The Spectrashift Team started a transit search program in November 2008. An exoplanet can be detected when the planet crosses in front of the star causing a very slight drop in light output from the star. The primary search telescope is Junk Bond Observatories fully automated 32" Ritchie Cretien telescope. The telescope is now repeatedly imaging star fields every clear night. We are currently monitoring several hundred stars looking for hot Jupiter transits. Our strategy is to go deeper than 10th magnitude which is beyond the reach of most of the professional searches. The number of stars we see in a single night is much less but we also get fewer false positives from crowded star fields.
Having the right telescope is not enough. Powerful software is required to analyze the hundreds of images taken in a night. We have developed our own software pipeline that does most of the work automatically. It finds the stars, creates light curves and then examines each one to determine if it is varying enough to have a transiting planet. It then presents the possible candidates to the astronomer for final evaluation.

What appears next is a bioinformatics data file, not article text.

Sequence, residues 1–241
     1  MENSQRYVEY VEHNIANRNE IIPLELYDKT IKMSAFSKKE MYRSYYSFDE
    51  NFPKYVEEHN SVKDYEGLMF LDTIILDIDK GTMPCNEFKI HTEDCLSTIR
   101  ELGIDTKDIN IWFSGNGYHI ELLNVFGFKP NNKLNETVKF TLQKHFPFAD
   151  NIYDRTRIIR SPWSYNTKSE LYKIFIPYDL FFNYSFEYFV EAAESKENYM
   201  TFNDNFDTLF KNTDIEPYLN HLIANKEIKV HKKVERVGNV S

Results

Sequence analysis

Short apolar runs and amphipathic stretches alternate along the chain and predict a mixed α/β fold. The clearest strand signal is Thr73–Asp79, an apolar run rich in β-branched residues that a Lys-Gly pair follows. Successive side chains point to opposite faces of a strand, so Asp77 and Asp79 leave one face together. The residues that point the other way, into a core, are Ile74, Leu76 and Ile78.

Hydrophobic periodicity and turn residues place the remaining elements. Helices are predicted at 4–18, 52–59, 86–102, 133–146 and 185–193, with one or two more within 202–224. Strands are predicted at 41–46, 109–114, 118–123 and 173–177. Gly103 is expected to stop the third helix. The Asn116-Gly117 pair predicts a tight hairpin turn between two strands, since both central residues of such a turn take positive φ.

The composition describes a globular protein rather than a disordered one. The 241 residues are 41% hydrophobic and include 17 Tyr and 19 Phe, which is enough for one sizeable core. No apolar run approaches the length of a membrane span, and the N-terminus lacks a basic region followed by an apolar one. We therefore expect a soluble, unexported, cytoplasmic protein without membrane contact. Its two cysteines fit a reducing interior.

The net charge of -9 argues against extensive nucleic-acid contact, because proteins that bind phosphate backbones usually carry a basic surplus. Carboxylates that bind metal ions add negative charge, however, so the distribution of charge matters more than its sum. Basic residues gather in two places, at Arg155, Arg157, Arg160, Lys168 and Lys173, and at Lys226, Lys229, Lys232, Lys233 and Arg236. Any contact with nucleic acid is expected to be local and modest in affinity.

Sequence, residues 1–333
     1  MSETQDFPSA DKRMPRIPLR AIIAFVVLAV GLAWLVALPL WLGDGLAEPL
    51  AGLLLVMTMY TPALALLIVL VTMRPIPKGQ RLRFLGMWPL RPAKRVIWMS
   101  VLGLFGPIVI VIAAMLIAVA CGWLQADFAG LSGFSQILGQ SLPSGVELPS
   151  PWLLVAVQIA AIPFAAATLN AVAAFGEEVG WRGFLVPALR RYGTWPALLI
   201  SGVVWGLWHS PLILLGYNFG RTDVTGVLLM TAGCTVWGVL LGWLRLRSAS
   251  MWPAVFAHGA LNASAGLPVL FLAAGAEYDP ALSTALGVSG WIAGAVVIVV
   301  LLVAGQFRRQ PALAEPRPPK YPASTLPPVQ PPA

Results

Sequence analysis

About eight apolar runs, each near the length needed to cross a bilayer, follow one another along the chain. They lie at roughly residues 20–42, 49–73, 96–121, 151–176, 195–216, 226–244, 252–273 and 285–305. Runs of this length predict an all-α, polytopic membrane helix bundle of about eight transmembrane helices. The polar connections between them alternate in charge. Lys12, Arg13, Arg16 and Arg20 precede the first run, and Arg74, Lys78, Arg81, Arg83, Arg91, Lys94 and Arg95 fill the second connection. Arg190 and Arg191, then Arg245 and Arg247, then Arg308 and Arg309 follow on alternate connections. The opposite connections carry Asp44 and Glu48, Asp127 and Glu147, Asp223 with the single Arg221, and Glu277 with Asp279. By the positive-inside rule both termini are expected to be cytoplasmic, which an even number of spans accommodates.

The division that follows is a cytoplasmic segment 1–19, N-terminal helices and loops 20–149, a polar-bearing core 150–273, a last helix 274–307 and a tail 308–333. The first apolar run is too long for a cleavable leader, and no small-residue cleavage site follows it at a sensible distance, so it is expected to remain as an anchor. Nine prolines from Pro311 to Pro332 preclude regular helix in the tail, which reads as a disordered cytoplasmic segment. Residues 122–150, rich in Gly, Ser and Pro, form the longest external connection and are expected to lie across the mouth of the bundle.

Some light curved generated by our transit search project. A hump means that the star dimmed during that time.